WHEN faced with a situation most adults would find worrying, seven-year-old Hayden picked up the phone to the ambulance service and saved his dad’s life.
Mum Becky popped out to the shops leaving her two sons, Hayden and Presley, four, with dad Dan.
But shortly after Dan, who has Type 1 diabetes, suffered a hypoglycaemic fit and was left lying unconscious on the floor in the family’s living room in Gosport.
Having been told by his parents what he should do if this happened, Hayden reached for the phone and dialled 999.
He told The News: ‘They asked me if Daddy was dead and I said no because he was making noises. They asked me if he was breathing and I said yes but he isn’t speaking to me.
‘I told them Daddy’s age and what he has wrong with him and our address so they could come and help him.’
Several minutes into the call on Saturday, November 9, Becky, 26, arrived home.
She said: ‘I came in and Hayden was on the phone and when I spoke to the 999 caller she said Hayden had done all the hard work and the paramedics would be with us shortly.
‘She said she was so shocked that he was only seven but remained calm through the whole thing and managed to keep his brother calm as well as he was crying about his jam sandwich.’
Father Dan, 28, said: ‘All I remember is waking up on the floor to paramedics pumping insulin into my system.
‘I am so proud of Hayden for saving me and it is great that he really took on board what we told him previously to do if anything like this were to happen but obviously we didn’t think anything like this would.’
The pair want children to be taught more about what to do in emergency situations at school and how to dial 999.
Dan, who is an engineer, said: ‘I think it is so important kids know what to do because it could help and with our situation it really has.
‘It also may prevent hoax calls by children because they will get a better understanding about 999 being for emergencies and the impact hoax calls can have.’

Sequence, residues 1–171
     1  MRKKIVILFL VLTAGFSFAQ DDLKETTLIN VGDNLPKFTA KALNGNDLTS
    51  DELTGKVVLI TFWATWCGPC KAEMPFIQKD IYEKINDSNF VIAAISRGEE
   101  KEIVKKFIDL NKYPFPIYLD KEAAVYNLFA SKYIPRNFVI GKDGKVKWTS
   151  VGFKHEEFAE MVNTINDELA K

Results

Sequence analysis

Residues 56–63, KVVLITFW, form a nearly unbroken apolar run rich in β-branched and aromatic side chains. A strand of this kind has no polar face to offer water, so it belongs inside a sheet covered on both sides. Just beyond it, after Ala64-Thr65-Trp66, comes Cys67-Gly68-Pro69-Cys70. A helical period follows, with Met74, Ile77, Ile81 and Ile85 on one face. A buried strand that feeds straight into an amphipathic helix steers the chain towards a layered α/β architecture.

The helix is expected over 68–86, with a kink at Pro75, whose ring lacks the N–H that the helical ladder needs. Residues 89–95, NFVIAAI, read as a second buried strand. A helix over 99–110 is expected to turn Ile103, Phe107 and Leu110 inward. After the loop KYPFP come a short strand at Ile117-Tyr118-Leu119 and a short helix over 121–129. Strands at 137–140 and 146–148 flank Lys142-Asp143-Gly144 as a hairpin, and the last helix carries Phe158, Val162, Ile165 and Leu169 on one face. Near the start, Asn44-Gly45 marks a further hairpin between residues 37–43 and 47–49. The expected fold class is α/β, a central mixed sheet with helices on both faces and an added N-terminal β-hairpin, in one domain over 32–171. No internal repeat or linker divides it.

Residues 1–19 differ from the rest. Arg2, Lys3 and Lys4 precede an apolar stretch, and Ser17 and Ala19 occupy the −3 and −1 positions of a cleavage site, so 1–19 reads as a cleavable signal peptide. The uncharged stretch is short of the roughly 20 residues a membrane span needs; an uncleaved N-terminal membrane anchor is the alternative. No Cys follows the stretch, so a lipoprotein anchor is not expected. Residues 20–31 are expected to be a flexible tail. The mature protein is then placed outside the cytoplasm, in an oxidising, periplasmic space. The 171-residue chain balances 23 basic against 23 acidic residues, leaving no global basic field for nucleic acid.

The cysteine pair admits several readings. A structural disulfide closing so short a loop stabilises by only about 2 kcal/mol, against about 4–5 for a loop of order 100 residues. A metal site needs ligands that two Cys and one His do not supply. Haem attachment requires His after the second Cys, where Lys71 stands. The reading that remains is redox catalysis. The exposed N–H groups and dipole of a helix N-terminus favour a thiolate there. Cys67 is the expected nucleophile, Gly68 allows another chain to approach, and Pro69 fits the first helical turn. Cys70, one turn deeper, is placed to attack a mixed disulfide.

Steve Glew, the emergency call taker at the clinical co-ordination centre said: ‘Hayden was very calm and acted very quickly to get the correct help for his seriously ill dad.
‘He was very clear in what was wrong and gave a very good account of events which helped me as a call taker to arrange the correct help quickly. He remained calm throughout the call and expertly checked his dad’s condition as well as carrying out instruction perfectly.
‘He knew exactly what to do and he did it confidently, being accurate with the address, his dad’s details and even down to ensuring the ambulance crew could get in easily. My role in this was to ensure Hayden remained calm, knew what needed to be done and distracted him from panic by talking to him and praising his brave efforts in assisting his Dad.
‘He was taught by his parents to call 999 in the event of any emergency which in this case has proved invaluable. Children knowing what to do in a time of need is so important and I believe in this case Hayden definitely contributed to an early response and potentially life-saving treatment for his dad.
‘I just want to say a personal well done to such a brave boy; in a time of crisis he showed great poise and calmness and deserves all the recognition he gets. He is always welcome to come in and see what we do. Well done Hayden!’
THINGS TO TEACH YOUR CHILD ABOUT CALLING 999
- Make sure you are safe before calling 999.
- Remain calm. When you call 999, the person you speak to will want to help you.
- Give your age so they know you are not an adult.
- Don't hang up until you are told it’s okay to do so.
- Make sure you know how to open your front door to let in the paramedics.
- If you are not at home, find out where you are before you call.
- You may have to go to hospital with the person who is unwell.
- Only call 999 when you have a real emergency situation.